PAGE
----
Rankin File

Ruminations, fulminations, and cogitations on the spiritual life

Bill Maher’s Kind of Poison

On a recent trip, at the end of a long day, I dragged myself to a hotel room and sprawled out on the bed to unwind. Heh heh. Unwind? I made the mistake of turning on the TV, where the first thing I encountered was Bill Maher’s “Real Time,” with his sneering sarcarsm fully on display. I admit, I’m not a regular viewer (strange as it seems, we don’t get HBO) and I didn’t watch this episode for long. Frankly, I can’t stomach much from Maher.

Maybe he’s like Don Rickles; his TV persona is all spewing and venom, while in normal life he’s a decent guy. I hope so. All I know is that he appears to take a particularly cruel pleasure at launching invective at people he thinks are idiots, or are corrupt, or both.

I know HBO is supposed to be edgy and all that. I just don’t understand the popularity of Maher’s brand of “hip, incisive commentary.” Am I just not getting it? Does he want us to take him seriously? How does one laugh at his attacks, even if they include witty oneliners? Maybe my sense of humor is underdeveloped, but I swear, I don’t get the attraction. He was plain mean to the guests who tried not to agree with him, even to offer a challenge to his tirade. The “conversation” seemed a bit like shooting fish in a barrel.

Which brings me to my point. Bill Maher strikes me as a tragic indicator of American popular culture, which has become pervasively poisonous. The line between serious, if pointed, critique and downright character assassination has been badly breached. If this is really what we like to watch, then we as a society are slowing eat out our own souls.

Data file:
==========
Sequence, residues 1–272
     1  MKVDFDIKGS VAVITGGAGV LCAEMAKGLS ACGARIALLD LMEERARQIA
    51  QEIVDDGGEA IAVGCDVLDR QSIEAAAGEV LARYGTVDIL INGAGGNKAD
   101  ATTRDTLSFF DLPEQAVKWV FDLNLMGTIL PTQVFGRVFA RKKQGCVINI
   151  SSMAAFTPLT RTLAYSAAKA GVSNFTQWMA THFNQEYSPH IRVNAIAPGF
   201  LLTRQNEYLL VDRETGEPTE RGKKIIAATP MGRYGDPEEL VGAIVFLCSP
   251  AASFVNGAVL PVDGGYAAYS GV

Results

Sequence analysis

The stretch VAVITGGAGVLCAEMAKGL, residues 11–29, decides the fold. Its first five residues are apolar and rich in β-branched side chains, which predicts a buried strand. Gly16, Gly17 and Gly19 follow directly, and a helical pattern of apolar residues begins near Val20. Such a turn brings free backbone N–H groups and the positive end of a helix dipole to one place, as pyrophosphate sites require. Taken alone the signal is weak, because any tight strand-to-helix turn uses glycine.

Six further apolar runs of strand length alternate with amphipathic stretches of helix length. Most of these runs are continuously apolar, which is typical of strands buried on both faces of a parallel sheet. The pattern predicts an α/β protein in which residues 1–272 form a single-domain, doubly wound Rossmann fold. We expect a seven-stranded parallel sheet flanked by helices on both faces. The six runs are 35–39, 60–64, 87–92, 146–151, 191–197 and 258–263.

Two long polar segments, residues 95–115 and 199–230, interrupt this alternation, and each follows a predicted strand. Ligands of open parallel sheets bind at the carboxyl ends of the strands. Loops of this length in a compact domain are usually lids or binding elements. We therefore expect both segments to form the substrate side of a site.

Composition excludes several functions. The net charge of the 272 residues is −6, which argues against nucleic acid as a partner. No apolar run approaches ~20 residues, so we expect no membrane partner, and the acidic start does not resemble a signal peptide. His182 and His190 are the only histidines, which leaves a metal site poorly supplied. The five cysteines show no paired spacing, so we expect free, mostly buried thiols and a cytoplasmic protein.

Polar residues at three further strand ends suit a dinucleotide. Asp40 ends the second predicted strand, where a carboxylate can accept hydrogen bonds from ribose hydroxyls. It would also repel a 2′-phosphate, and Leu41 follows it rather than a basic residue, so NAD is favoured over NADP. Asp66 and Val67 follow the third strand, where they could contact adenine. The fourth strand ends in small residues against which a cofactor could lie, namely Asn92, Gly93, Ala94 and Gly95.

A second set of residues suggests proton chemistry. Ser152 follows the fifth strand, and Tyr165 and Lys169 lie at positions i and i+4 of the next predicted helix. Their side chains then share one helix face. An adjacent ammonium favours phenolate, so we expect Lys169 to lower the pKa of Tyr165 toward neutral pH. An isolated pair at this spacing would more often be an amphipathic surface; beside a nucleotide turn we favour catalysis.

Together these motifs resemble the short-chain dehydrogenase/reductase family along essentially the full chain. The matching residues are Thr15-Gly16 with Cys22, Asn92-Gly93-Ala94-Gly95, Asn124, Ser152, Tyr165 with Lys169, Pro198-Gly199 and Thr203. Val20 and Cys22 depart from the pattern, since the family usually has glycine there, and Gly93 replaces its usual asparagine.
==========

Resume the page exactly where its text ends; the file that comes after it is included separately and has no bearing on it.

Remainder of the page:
There are several ironies for me in this scenario. Pat Robertson and Jerry Falwell (may he rest in peace) were and are regularly excoriated for their judgmental hyperbole. They both have said some pretty inexcusable things on national TV. I can say without a shred of doubt, however, that there is no one more hateful than Bill Maher, unless, of course, there is someone worse, admidst the gazillion cable and satellite stations available to people willing to pay. He is unequaled in setting the standard for hate speech on television. It doesn’t seem to bother people much. And that’s what worries me.

We’d better start paying attention. May Bill Maher’s schtick shrivel and die for lack of viewers.

March 21, 2008 Posted by | Pop Culture | 1 Comment

Are You a Literalist or a…?

When researchers are trying to explain the factions among Christians, they often use views on the Bible as a way of finding the faultlines. Some people take the Bible “literally,” others symbolically.

“Literalists” and (I don’t know of one word, so I’ll make one) “metaphorists” usually don’t travel in the same circles. In my experience, the literalists proudly tout their literalism (although, having heard sermons from preachers in this camp, I know that they often interpret the Bible quite symbolically) while the metaphorists vociferously insist that they are NOT like the literalists.

I refuse to issue a “pox on both your houses” because I think it is too easy – even cowardly – to run to the middle and say “I’m a moderate” just for the sake of position. However, in the interest of full disclosure, I’ll position myself. I found help in Scot McKnight’s fascinating “Hermeneutical Personality Test” in the Winter 2008″Leadership” Magazine. I discovered that I’m on the conservative side of moderate. So now you know. I’m a moderate – sort of.

What are you? Does it matter? I think it does and I think we could stand for a little more literal interpretation, especially these days. I think so because the mood of our culture has swung far to the metaphorical side, with serious consequences. The trend in attitudes toward the Bible (especially among younger people) is not toward violent literalism, but toward empty symbolism. “The Bible can say pretty much whatever you want it to say,” is an increasingly prevalent attitude.

We need to quit talking so much about the dangers of a literalist interpretation of the Bible (forget the fracus over Genesis and evolution) and we ought to start considering the dangers of an overly symbolic, metaphorical reading. The pendulum is swinging the other way and we ought to pay attention.

March 3, 2008 Posted by | Bible | Leave a comment